How to Run WireGuard via’s Docker Image

What fun is it to have a relatively sophisticated homelab, but only be able to access it at home? Sometimes there’s a need — or simply a desire — to access the homelab from the office. That’s where a VPN solution, like WireGuard, comes in.

This is my twelfth post documenting images I use at home. You can also read about how I run the Unifi controller, how I run Plex, how I update DuckDNS, how I run Duplicacy., how I run Heimdall, how I run Librespeed, how I run Home Assistant, how I run NetBox, how I run Scrutiny, how I run OpenVSCode Server, and how I run QDirStat.

About WireGuard

WireGuard is a “fast, modern, secure VPN tunnel” solution. It can facilitate accessing a private network, such as a home network, from offsite, without giving away information to others who might be snooping on the network.

About describes their organization as:

A group of like-minded enthusiasts from across the world who build and maintain the largest collection of Docker images on the web. At our core are the principles behind Free and Open Source Software. Our primary goal is to provide easy-to-use and streamlined Docker images with clear and concise documentation.

I’ve used images for several years. That’s because they’re secure, thoughtful images that are clearly and concisely documented. I tend to check with first when I need a new image.

Running via docker-compose

I run all of my containers via docker-copmose. Here are the relevant sections of my docker-compose.yml file:

    name: wireguard

    container_name: wireguard
    restart: unless-stopped

      - NET_ADMIN
      - SYS_MODULE
      - ./common.env
      - ./secret.env
      - SERVERPORT=51820
      - PEERS=mattLaptop,mattPhone
      - wireguard
      - 51820:51820/udp
      - /lib/modules:/lib/modules
      - ${SERVICE_DATA_DIR}/wireguard:/config

First, I create an explicitly-named network for WireGuard to use. This helps ensure services are isolated and avoids the automatic names docker-compose generates. The names aren’t bad, but I like the explicit names better.

Then, the first stanza of the services key specifies the basic container configuration: a name, image to use, and restart policy.

Next, the cap_add section grants two container capabilities that WireGuard needs to function effectively with the operating system’s networking layer.

The env_file section brings in environment variables used commonly across my containers. This includes the PUID and PGID variables for setting permissions, as well as the SERVICE_DATA_DIR variable used elsewhere in the file.

I then set three environment variables following LinuxServer’s Parameters instructions. SERVERURL and SERVERPORT specify, well, the URL and port WireGuard clients should connect to. I’ve obfuscated my SERVERURL here, but in reality, it points at my home’s IP address by way of a DuckDNS URL.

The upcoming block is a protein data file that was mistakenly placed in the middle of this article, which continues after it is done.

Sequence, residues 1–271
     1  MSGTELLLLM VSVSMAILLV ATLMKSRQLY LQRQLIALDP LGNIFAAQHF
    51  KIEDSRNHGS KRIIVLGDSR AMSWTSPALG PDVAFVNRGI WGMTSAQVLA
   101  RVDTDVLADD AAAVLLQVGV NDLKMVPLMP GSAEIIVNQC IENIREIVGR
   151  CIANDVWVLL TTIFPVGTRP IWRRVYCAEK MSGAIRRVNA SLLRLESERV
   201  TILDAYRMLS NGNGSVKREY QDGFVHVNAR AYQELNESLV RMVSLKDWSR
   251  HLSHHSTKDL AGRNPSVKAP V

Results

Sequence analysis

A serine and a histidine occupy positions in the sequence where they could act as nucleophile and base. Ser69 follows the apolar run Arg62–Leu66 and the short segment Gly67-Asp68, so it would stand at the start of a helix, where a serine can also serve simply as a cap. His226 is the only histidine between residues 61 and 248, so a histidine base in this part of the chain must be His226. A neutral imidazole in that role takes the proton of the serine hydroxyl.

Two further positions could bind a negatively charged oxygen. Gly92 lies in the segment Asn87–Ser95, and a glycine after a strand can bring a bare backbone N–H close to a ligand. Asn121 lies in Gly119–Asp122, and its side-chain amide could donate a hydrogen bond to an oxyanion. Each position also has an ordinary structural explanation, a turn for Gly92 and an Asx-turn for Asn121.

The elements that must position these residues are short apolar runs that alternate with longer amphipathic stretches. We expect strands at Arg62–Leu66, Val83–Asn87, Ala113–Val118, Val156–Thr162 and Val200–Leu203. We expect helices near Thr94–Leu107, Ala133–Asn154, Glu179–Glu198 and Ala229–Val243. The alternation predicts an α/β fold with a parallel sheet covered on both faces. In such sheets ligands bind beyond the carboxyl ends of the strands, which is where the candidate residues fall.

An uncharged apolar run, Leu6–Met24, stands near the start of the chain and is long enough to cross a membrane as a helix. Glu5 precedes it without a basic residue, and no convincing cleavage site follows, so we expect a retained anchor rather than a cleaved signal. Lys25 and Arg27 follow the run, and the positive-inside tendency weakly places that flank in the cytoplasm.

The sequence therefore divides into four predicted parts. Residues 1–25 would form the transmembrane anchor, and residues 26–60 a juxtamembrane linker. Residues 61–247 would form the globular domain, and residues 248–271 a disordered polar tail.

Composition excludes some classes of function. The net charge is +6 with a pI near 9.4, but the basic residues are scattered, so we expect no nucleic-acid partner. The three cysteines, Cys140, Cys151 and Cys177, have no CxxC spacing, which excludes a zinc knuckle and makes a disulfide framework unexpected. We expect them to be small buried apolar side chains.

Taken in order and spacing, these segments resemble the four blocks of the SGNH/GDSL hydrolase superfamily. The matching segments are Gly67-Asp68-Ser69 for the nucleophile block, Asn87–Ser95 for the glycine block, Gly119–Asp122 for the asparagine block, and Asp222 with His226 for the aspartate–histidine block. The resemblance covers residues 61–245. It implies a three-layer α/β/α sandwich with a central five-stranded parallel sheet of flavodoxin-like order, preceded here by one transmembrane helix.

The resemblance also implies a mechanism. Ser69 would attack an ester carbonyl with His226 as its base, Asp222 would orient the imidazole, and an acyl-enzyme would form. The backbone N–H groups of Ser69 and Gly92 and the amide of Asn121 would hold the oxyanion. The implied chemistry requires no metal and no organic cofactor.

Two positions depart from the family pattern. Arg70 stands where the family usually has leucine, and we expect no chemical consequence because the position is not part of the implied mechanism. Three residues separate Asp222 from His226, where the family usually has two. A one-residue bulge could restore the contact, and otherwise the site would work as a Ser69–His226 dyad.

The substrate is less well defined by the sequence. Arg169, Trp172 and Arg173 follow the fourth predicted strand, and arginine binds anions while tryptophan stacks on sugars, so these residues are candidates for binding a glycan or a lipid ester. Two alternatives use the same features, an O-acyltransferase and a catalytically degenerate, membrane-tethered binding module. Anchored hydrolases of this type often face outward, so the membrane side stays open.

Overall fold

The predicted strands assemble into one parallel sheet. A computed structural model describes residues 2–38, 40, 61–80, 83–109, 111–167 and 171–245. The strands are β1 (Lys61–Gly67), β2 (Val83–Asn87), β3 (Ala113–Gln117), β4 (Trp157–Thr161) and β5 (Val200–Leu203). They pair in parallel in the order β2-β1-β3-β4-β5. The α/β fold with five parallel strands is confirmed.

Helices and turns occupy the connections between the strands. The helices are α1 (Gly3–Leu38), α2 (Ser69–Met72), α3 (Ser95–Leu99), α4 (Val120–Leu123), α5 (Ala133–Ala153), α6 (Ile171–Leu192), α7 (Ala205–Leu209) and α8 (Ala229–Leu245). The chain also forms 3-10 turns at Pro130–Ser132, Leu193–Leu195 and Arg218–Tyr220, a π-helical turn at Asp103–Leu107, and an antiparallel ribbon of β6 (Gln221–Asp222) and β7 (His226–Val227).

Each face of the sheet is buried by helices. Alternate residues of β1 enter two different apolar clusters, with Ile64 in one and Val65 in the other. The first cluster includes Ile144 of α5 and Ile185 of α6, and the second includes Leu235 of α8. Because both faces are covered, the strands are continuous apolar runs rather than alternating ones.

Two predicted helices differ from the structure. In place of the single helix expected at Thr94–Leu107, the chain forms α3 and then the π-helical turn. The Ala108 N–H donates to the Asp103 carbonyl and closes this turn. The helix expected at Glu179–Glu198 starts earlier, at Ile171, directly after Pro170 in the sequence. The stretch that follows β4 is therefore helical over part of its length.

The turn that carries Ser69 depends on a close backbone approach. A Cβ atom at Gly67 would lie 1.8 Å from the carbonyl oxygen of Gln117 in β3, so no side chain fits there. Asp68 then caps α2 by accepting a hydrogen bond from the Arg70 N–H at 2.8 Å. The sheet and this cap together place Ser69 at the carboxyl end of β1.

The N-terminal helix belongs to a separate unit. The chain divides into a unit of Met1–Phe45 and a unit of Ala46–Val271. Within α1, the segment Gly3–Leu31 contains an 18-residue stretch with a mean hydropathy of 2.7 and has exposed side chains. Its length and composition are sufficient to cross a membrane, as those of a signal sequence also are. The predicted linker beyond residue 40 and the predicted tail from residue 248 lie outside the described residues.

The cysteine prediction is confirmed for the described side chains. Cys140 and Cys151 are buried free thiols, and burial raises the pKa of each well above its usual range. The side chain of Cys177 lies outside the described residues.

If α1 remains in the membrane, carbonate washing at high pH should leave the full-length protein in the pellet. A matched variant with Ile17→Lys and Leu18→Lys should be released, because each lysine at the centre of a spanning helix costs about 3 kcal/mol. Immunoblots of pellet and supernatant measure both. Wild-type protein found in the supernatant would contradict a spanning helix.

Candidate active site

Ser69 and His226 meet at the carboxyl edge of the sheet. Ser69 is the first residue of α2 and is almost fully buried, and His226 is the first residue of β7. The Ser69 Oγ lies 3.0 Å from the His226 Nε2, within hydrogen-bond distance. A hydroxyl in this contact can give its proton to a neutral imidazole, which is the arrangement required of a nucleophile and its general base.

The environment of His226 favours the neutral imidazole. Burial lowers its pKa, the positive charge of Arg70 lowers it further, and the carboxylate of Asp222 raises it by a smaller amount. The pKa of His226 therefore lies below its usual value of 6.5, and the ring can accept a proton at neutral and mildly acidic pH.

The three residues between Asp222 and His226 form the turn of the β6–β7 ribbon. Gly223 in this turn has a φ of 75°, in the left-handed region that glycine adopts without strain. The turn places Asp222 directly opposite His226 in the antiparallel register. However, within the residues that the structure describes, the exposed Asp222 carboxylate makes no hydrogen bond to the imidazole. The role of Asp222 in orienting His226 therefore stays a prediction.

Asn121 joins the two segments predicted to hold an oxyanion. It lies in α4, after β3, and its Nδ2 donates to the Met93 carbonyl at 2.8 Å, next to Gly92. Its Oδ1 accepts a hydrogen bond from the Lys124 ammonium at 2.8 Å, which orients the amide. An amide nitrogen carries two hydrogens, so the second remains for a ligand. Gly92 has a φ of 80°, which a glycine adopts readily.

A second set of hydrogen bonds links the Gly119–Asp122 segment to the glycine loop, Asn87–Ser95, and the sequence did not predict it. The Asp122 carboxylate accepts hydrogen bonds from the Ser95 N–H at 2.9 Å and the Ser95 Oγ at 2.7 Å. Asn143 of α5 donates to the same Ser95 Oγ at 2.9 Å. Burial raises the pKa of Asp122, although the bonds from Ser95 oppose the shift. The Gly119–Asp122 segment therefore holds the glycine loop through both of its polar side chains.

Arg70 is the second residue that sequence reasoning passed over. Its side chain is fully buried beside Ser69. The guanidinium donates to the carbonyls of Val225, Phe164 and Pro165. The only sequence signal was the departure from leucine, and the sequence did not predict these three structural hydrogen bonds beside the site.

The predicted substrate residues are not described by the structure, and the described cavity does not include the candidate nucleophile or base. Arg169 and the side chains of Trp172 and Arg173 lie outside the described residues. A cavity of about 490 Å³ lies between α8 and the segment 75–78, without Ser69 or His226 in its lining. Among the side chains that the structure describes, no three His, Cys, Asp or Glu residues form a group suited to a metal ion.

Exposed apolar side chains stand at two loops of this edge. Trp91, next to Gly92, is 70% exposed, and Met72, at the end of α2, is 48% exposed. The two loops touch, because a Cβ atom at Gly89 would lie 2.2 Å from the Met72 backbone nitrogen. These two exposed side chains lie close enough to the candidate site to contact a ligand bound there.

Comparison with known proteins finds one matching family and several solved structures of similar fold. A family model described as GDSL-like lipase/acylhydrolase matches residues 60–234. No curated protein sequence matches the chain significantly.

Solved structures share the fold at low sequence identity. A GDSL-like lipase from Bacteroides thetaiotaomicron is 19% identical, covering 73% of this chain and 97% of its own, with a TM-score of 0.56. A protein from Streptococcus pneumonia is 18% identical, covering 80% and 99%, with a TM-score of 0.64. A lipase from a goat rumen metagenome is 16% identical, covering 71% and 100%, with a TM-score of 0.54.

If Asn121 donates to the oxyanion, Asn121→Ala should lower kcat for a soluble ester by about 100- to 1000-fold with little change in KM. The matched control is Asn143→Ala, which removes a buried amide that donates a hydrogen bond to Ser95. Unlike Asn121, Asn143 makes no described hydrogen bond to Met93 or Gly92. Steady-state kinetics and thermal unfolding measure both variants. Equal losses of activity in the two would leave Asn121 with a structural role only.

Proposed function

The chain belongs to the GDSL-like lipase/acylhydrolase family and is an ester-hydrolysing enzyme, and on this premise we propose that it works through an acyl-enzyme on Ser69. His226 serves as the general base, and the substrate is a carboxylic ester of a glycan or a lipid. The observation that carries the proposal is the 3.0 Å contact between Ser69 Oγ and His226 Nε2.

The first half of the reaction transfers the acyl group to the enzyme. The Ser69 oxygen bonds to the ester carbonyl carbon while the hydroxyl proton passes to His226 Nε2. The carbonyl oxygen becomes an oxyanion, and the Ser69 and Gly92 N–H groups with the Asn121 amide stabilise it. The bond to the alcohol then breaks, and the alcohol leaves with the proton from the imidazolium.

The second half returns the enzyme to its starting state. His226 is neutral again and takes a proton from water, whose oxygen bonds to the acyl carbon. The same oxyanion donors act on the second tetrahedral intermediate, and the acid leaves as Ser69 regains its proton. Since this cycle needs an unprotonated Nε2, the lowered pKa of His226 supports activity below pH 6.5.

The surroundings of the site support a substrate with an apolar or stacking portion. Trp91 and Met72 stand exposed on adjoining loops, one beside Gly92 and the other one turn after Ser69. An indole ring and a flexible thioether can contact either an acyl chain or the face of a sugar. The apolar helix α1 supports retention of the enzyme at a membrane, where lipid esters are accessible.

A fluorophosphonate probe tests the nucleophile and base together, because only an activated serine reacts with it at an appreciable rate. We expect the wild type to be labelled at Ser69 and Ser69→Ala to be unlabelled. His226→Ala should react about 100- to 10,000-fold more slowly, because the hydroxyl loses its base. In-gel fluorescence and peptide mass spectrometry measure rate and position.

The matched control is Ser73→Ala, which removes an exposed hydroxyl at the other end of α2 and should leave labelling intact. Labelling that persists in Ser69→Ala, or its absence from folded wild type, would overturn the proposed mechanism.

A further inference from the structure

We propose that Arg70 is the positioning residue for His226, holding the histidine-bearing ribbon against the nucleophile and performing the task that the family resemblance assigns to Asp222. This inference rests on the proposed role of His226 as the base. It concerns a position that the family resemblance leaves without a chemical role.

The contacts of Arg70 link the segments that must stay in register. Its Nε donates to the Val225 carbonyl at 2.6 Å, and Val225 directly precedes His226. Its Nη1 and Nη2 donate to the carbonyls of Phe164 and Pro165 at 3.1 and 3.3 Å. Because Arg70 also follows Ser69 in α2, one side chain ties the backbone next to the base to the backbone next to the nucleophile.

PEERS specifies which peers to create client configurations for. In my case, that’s my laptop and phone. If I wanted to add a configuration for a friend, I’d add their name here. Then, the container will automatically create WireGuard configuration files for them.

In terms of port mappings: there is only one here. In this case, it maps the 51820 UDP port externally to the 51820 port internally. If you’d prefer a different external port, you could change it here. It does need to be a UDP port since that is what WireGuard uses.

Lastly, I have two volume mappings: one for /lib/modules the image needs access to, and one for the directory the image uses for saving persistent configuration. In the latter, I use an environment variable SERVICE_DATA_DIR to specify where my persistent configuration lives. The environment variable is helpful in that it cuts down on a lot of duplication in my broader docker-compose.yml file.

Port Forwarding to This Container

Before booting a container, one more bit of configuration is required. I need to have my router/firewall forward UDP port 51820 to the system running this container. By default, of course, routers/firewalls block all unsolicited incoming traffic. Creating this port forwarding rule will make an explicit exception for incoming WireGuard traffic, and thereby allow a connection.

Final Setup Step

This container is now configured and ready to run via docker-compose up. Upon first boot, the container will generate the peer configuration files. I then copy the appropriate configuration from the ${SERVICE_DATA_DIR}/wireguard to my device, like my laptop, and import the configuration into the WireGuard application.

After the configuration has been imported locally, I can now connect to the WireGuard container and communicate with other systems within my home. The VPN connection is now established.

WireGuard – a Great VPN Solution

I’ve had great success using WireGuard in this fashion for the last year or so. It works as advertised — quick, easy to set up, and effective. Thanks to the WireGuard and teams for making this tool so readily available!


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